In deciding whether the unauthorized use of a third party’s name, voice, likeness or persona (collectively, “Image”) violates such third party’s publicity rights, the first level of inquiry is whether the use is properly categorized as a “commercial” or a “non-commercial” use. If an Image is used without permission in a non-commercial or “newsworthy” context, such use is generally protected so long as the Image used is reasonably related to the aspect of the use that makes it newsworthy, and so long as less than the Image owner’s “entire act” is used.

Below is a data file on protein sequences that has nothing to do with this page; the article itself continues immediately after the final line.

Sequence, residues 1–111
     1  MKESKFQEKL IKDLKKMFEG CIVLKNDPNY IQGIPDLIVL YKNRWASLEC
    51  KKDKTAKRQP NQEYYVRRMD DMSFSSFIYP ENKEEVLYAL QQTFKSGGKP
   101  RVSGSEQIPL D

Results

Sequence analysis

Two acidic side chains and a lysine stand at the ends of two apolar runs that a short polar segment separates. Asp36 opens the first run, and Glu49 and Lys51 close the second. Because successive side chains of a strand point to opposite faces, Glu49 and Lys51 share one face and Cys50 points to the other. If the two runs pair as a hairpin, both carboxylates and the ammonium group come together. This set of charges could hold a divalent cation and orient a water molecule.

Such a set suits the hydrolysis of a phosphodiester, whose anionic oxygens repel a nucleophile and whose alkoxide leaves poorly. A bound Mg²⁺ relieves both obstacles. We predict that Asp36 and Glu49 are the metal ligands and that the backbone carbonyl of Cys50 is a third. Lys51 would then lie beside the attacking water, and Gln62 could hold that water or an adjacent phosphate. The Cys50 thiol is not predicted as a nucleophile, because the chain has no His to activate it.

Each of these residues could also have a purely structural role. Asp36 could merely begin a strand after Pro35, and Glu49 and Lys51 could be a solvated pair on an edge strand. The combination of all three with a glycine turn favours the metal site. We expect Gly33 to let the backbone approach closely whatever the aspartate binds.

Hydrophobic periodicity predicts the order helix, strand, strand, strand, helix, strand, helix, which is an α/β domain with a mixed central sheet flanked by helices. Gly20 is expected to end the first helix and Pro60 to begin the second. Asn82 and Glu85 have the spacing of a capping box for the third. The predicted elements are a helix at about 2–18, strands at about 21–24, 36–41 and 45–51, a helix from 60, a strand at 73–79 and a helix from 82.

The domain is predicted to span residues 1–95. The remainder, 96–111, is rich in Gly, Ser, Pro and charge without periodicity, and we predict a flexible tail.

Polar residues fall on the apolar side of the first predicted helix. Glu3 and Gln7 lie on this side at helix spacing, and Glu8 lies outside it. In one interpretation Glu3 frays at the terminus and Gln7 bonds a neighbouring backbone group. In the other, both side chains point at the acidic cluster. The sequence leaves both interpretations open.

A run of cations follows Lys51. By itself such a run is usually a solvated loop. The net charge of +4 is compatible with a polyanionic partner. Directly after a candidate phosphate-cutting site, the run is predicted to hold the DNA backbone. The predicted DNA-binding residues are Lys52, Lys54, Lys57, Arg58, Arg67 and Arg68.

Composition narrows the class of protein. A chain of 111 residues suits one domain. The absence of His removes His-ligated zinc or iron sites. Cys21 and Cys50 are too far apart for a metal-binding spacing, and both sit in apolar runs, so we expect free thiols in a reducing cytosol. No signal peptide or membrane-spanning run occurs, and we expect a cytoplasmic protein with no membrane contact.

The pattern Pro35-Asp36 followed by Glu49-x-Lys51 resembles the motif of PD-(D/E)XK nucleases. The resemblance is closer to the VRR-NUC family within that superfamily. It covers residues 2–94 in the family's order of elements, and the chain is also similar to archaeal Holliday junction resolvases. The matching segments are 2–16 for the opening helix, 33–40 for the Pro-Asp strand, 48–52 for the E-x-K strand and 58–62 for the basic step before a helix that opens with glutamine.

Distinguishing between commercial and non-commercial uses is a context-specific inquiry, and describing the precedent on that issue is beyond the scope of this article. But where the underlying use is concededly non-commercial, such that permission does not need to be obtained from the person whose Image is depicted, this Adbriefs blog post briefly addresses whether the Image can also be used to advertise or promote the underlying use without giving rise to a valid right of publicity claim by the person whose Image is depicted.
Continue Reading Between Cher And Joe Montana – When Is It Okay To Use A Person’s Image To Advertise A Protected Use Of That Image?